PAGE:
Good first year for the Concordat on Openness
The first year has been extremely positive and more successful than we had anticipated. In the reports we received from concordat signatories we found dozens of examples of good practice, not only in external communication, but also in changes to internal organisation that will contribute directly to reducing and refining work with animals.
The concordat report gives examples of good practice for each section of the concordat but here we give just a few examples to illustrate the quality and innovation of the work the concordat process has initiated.
Under the first section on harms, benefits and limitations we read that one university has
‘launched a video that goes behind the scenes at an animal research facility, showing how mice are housed and looked after and how they are being used in cancer research. The film shows an anaesthetised mouse undergoing a scan as well as mice carrying human tumour grafts — we felt it would be disingenuous not to show procedures on mice with cancer. The film concludes with an explanation of the 3Rs and showing that our researchers are actively looking for alternatives.’
In another university staff are now being made aware of animal research ‘during the recruitment process.’
One umbrella body organised for its entire staff (10) to visit animal research facilities.
Commitment 2 states we will enhance our communications with the media and public. Here all but a handful of signatories (82/95) now have policy statements on the use of animals in research on their websites, and many have gone much further, including photos, videos, numbers of animals used, FAQs and AWERB minutes.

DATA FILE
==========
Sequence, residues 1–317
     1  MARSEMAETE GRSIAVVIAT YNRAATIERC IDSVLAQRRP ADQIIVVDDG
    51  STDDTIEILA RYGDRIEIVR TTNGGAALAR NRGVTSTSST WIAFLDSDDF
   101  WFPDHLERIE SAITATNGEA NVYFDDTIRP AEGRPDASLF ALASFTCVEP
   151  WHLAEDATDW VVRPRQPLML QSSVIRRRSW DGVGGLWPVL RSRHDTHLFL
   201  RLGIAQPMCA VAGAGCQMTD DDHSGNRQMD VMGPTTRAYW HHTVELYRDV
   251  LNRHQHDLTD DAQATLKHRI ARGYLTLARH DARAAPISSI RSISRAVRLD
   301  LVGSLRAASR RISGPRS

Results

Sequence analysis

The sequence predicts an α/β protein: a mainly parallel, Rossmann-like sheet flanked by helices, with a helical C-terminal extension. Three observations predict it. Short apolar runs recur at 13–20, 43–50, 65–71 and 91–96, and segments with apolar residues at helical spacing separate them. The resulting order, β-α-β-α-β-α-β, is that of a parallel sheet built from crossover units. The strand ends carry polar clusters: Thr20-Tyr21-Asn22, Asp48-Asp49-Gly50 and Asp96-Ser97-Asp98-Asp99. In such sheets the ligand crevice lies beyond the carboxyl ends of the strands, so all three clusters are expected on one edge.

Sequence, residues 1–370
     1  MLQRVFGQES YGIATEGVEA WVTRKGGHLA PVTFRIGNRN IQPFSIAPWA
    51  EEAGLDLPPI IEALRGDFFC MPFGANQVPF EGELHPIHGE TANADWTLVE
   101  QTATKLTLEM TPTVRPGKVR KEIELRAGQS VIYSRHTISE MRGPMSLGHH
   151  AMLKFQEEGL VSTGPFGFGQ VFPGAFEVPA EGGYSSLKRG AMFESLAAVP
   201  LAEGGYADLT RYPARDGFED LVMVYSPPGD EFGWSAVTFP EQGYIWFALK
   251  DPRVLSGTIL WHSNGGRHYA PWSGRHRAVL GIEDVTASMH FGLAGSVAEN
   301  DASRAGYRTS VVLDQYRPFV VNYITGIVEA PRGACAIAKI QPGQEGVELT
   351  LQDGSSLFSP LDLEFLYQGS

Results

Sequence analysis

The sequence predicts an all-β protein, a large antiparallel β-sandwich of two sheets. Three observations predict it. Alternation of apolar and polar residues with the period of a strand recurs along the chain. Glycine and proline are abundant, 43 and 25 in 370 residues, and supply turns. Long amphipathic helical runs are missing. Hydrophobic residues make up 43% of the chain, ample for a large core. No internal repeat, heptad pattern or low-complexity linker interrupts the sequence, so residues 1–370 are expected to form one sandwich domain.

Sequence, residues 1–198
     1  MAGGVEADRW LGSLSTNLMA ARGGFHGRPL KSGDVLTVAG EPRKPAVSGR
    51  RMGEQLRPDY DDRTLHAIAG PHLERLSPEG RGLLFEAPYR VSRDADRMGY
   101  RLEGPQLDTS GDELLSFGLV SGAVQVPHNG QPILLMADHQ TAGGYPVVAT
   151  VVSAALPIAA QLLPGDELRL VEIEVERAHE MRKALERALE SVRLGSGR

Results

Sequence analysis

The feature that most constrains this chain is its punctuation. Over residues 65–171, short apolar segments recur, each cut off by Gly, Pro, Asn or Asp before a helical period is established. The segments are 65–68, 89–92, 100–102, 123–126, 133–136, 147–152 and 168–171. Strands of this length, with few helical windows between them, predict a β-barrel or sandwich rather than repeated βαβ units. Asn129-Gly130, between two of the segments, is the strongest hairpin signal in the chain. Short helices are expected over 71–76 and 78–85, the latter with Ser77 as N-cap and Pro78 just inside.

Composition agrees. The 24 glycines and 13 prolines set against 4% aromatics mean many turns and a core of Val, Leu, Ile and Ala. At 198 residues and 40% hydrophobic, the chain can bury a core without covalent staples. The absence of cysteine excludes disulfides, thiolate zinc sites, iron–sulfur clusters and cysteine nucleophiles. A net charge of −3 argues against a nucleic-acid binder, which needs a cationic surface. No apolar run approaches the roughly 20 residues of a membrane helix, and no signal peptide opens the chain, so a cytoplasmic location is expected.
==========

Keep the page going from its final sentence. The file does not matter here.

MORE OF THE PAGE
This is just one example of dozens of press releases that mention animals:http://www.alzheimersresearchuk.org/argininedeprivation-linked-to-alzheimers-disease-in-mice/
Many organisations (52%) have also been training their staff to communicate about their work.
Commitment 3 states ‘we will be proactive in providing opportunities for the public to find out about research using animals.’
Many organisations have developed videos, photographs and print materials such as briefing documents and guidance as public-facing materials. There has been an enormous range of outreach activity being undertaken by signatory organisations. Many researchers from both the academic and commercial sectors speak in schools and organisations hold lab visits and have open days for their communities.
These are a few of the more unusual examples. University researchers have taken part in the Edinburgh Fringe and local science festivals addressing the varied issues of the use of animals in research. During the Cambridge Science Festival, a number of public talks included mention of the use of animals in research. In particular, at a day of hands-on, drop-in workshops held at the local theatre, a team from [local pharmaceutical company] showed members of the public the cages used to house mice and discussed how the animals are helping with drug discovery.
The signatories not only met but exceeded our expectations. This exercise has proved enormously encouraging. We are impressed that, far from doing just the minimum, many signatories have displayed effort, enterprise and imagination in the effort to change the public’s hearts and minds.
Download the first annual report on the Concordat on Openness here.